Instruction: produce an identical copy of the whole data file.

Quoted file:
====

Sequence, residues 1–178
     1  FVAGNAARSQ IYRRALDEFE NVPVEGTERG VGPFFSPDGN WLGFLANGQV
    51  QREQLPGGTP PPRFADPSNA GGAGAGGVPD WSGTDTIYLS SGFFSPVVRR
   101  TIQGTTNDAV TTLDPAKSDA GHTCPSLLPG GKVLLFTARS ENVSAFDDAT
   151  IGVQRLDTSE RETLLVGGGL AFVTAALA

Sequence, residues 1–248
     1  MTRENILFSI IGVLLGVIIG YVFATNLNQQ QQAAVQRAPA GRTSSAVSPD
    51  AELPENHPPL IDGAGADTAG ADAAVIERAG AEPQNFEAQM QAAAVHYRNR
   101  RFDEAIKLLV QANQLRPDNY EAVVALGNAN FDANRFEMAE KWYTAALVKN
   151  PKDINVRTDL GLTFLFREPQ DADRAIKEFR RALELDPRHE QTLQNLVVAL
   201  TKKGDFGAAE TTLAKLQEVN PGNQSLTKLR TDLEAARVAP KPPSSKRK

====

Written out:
Sequence, residues 1–178
     1  FVAGNAARSQ IYRRALDEFE NVPVEGTERG VGPFFSPDGN WLGFLANGQV
    51  QREQLPGGTP PPRFADPSNA GGAGAGGVPD WSGTDTIYLS SGFFSPVVRR
   101  TIQGTTNDAV TTLDPAKSDA GHTCPSLLPG GKVLLFTARS ENVSAFDDAT
   151  IGVQRLDTSE RETLLVGGGL AFVTAALA

Sequence, residues 1–248
     1  MTRENILFSI IGVLLGVIIG YVFATNLNQQ QQAAVQRAPA GRTSSAVSPD
    51  AELPENHPPL IDGAGADTAG ADAAVIERAG AEPQNFEAQM QAAAVHYRNR
   101  RFDEAIKLLV QANQLRPDNY EAVVALGNAN FDANRFEMAE KWYTAALVKN
   151  PKDINVRTDL GLTFLFREPQ DADRAIKEFR RALELDPRHE QTLQNLVVAL
   201  TKKGDFGAAE TTLAKLQEVN PGNQSLTKLR TDLEAARVAP KPPSSKRK